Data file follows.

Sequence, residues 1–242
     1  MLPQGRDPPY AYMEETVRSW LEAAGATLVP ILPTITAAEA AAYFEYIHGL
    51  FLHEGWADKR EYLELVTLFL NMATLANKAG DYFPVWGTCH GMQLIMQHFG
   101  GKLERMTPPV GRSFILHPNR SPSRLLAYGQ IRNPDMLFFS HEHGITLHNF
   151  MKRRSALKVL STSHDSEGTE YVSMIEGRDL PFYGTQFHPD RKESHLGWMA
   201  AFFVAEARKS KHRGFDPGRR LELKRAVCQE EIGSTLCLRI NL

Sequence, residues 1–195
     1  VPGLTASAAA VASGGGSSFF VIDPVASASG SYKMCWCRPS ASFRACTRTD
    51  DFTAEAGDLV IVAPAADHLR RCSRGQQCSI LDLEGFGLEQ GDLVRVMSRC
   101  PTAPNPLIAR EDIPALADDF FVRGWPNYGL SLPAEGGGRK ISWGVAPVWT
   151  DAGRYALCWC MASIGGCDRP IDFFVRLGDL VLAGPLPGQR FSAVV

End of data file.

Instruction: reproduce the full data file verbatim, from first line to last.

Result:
Sequence, residues 1–242
     1  MLPQGRDPPY AYMEETVRSW LEAAGATLVP ILPTITAAEA AAYFEYIHGL
    51  FLHEGWADKR EYLELVTLFL NMATLANKAG DYFPVWGTCH GMQLIMQHFG
   101  GKLERMTPPV GRSFILHPNR SPSRLLAYGQ IRNPDMLFFS HEHGITLHNF
   151  MKRRSALKVL STSHDSEGTE YVSMIEGRDL PFYGTQFHPD RKESHLGWMA
   201  AFFVAEARKS KHRGFDPGRR LELKRAVCQE EIGSTLCLRI NL

Sequence, residues 1–195
     1  VPGLTASAAA VASGGGSSFF VIDPVASASG SYKMCWCRPS ASFRACTRTD
    51  DFTAEAGDLV IVAPAADHLR RCSRGQQCSI LDLEGFGLEQ GDLVRVMSRC
   101  PTAPNPLIAR EDIPALADDF FVRGWPNYGL SLPAEGGGRK ISWGVAPVWT
   151  DAGRYALCWC MASIGGCDRP IDFFVRLGDL VLAGPLPGQR FSAVV